I’m in the back of my best friend Laura’s white Mitsubishi SUV, and we’re driving back from a day at the L.A. Zoo. Her mom, Barbara, is up front behind the wheel, and Laura’s in the passenger seat. Her little sister, Julia, sits next to me in her booster chair sucking on a pink blanket.
“You can sit up front when we’re in your car,” Laura says.
She’s very deliberate with this sentence, trying to pacify me because she can tell I’m angry. But Laura and I both know I’m not allowed to sit in the front seat of my car when I have company over. And best friend or not, Laura’s always considered company.
“But this is my car,” she says, emphasis on the my.
Laura’s mother frowns, but keeps her eyes on the road. “Girls, no fighting,” she warns. Her hands are evenly placed at 10 and 2, and her back’s as straight as a board, the seat pulled forward and up at a 90-degree angle to the floor. I notice she’s wearing her mismatching shoes again. One brown, leather flat, and one black high heel.
“That’s mom’s driving shoe,” Laura said when I asked her about it once. Barbara had come to the door of my house to pick Laura up after school, and when I told my mom about it I couldn’t stop laughing.
Where does she keep the other shoe? I wondered. Maybe she throws it away? Maybe it’s still in its cardboard box, pristine and lonely.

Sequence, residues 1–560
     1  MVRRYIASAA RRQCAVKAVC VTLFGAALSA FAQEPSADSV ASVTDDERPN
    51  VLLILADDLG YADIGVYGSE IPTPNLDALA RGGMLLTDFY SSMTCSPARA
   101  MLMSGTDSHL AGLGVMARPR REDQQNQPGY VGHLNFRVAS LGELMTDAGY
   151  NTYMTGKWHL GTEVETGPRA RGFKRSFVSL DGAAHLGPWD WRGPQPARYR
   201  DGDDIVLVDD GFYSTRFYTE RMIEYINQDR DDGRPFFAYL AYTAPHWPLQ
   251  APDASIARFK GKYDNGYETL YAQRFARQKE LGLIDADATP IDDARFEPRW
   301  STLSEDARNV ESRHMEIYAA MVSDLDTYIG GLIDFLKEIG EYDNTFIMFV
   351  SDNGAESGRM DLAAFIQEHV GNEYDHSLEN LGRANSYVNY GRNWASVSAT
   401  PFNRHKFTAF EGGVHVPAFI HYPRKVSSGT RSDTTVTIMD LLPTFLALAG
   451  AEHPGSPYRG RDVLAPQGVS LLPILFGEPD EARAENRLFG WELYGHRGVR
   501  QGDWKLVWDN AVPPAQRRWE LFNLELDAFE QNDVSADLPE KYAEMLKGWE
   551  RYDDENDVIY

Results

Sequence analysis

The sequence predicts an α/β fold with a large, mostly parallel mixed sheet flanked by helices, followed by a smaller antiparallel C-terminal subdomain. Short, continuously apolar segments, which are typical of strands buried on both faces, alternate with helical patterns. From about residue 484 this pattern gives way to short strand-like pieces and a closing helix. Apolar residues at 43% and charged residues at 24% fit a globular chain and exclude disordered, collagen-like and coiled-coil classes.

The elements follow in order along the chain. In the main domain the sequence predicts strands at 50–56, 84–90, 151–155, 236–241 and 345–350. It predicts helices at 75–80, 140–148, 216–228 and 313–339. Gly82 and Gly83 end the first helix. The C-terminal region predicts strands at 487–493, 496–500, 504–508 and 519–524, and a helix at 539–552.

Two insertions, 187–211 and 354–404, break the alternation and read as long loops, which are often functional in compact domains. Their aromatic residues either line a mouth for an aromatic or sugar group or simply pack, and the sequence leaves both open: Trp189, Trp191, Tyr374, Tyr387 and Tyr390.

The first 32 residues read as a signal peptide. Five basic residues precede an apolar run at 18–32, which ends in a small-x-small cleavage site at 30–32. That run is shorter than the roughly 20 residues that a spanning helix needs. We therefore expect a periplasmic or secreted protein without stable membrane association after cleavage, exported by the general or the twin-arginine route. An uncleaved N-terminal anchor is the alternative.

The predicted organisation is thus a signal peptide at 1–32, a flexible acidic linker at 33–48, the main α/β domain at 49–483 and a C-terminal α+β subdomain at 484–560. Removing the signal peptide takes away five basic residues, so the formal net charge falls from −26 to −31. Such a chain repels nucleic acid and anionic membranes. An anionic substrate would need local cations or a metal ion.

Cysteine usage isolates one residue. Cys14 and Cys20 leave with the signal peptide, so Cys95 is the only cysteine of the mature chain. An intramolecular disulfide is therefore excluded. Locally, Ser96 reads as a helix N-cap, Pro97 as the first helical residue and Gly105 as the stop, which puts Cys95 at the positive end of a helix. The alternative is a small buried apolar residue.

Suddenly Laura’s sister looks at me from her chair. Her cheeks are puffy and pink, and her nostrils are caked with dried mucus. Gross. She emits a low gurgling noise, and pulls the pink blanket from her lips. While looking over at her in disgust, I think, here it comes.
Julia spits up all over herself. White cream runs from her chin and down the seats. She screams and cries, and I stare back, horrified.
Laura reaches into the canvas bag at her feet and hands me a spit-up blanket. If we were in my car, I think, we wouldn’t have to deal with this. I have a big brother who doesn’t cry all the time. If we were in my car, maybe I’d be up front. It is my car, after all.